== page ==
One thing that’s become really obvious lately is how much she values the words she already knows. Every morning, as soon as she can, it’s all “Mommy! Mommy, Mommy…” and “Daddy! Daddy, Daddy….” It’s not just that she’s happy to see us in the morning; I’ve come to realize that she’s still slightly uncertain of her mastery of her earliest words (she still occasionally fumbles with the words she knows). She wants to use these words as much as possible because she worked hard to learn them, and doesn’t want to forget them.

And I couldn’t help but wonder: how much do we learners really value the words we learn? I mean, we value them enough to “learn” them in the first place, but do we value them enough to put in the ongoing effort to keep them? When we learn words that we know are useful, do we make damn sure that we use them right away, repeatedly, so that we never let them go?

Granted, not every vocabulary word is going to be as crucial to us as the words “Mommy” and “Daddy” are to a baby. But still, with applying a fraction of that earnestness would go a long way. I’m finding myself grateful for this new daily reminder I have.

Hopelessly Doomed Scooter Ride in China

This video is too amusing to just let it go by… This guy on his scooter is so comically bad that it almost feels engineered. Like it’s meant to be some kind of allegory or something. Anyway:

Here’s the 4.5 MB animated GIF version (blown up 2X):

[Sorry, had to remove the GIF... it was getting too much traffic, and it's a fairly large file!]

This GIF had the title “humanity is powerless to stop him from riding his scooter” (人类已经无法阻止他骑摩托车了) on the Chinese site it was posted to.

And a great comment from YouTube:

my computer must be muted… i don’t hear any benny hill music

On the other hand, if you’ve ever been afraid to ride a scooter on the streets of China, this video might actually give you some hope…

Eating Insects and Animals in China

I recently read the article Five reasons we should all be eating insects.

(I think I would totally eat insects if any of them were as delicious as shrimp, the grasshoppers of the ocean. Alas, I’ve tried eating various types of bugs in China, and they’re just not that tasty. Or… maybe they take quite a bit of getting used to?)

Anyway, reading the article, two China-related thoughts jumped out at me:

1. China should be eating more insects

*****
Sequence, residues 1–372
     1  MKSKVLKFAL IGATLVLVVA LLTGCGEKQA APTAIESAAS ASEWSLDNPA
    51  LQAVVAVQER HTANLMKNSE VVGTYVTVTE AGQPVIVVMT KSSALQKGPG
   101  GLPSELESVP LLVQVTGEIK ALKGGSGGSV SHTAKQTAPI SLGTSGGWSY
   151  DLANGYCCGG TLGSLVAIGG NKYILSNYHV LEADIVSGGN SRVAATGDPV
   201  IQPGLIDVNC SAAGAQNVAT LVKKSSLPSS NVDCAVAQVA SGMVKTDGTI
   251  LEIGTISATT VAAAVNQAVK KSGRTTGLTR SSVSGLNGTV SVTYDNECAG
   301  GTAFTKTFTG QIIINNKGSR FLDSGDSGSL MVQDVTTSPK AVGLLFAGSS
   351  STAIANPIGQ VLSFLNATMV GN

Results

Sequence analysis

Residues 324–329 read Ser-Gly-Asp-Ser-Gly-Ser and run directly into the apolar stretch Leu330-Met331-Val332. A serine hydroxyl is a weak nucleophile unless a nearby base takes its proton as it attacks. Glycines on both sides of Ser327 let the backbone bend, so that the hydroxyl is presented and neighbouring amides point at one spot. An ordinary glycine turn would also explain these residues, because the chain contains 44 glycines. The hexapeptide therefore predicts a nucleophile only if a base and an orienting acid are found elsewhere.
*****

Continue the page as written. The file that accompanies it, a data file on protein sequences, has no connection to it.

With this massive population and the multitude of food safety issues, it makes sense, right? And look at the abundance of edible insects in China (especially compared to the U.S.)!

edible-insect-species

2. What would China’s “percentage of animal edible” figures be?

efficiencies-of-production

I know that the U.S. and China have very different thoughts on “percentage of animal edible” for all kinds of animals, including poultry, pork, beef, and lamb. So which numbers are these, and what are the differences between the numbers of the U.S. and China?

The Chinese have never been squeamish eaters, and as long as the cooking methods themselves were Chinese, I can imagine a China where people eat insects in larger quantities.

Interview by Furio

Furio of the Sapore di Cina blog recently interviewed me about the Chinese Grammar Wiki and AllSet Learning in general. He had some great questions, and I really like how the interview turned out. Check it out: Interview with John Pasden, the founder of Sinosplice and AllSet Learning [also in Italian, in Spanish].

The interview includes a number of questions I’m frequently asked these days by foreigners in China. Here’s an example from the interview:

You are married with a Chinese girl, have a daughter and opened a company in China. Do you ever think about going back to U.S.?

Of course. I’d be lying if I said I never think about it. I think about it not because I’m tired of China and want to go back, but rather because I suspect there may come a time when it just really doesn’t make any kind of sense for me (and my family) to stay. Ecological, economic, or political disasters could definitely befall China. You can’t be a responsible parent if you haven’t at least thought about a plan B.

That said, I don’t have plans to leave China anytime soon. I’m still having a great time here, loving the experience of building my own company, and sincerely hope that I can be here for quite a while.

Read the full interview.

More “more”

Photo by @biesnecker:

多 + 50%

The original character is, of course, (“more”).

(Specifically, “50% more more.”)

Page 10 of 171« First...89101112...203040...Last »
Sinosplice and all material found herein © 2002-2014, John Pasden. All rights reserved.
Sinosplice is happily hosted by WebFaction. Design by Dao By Design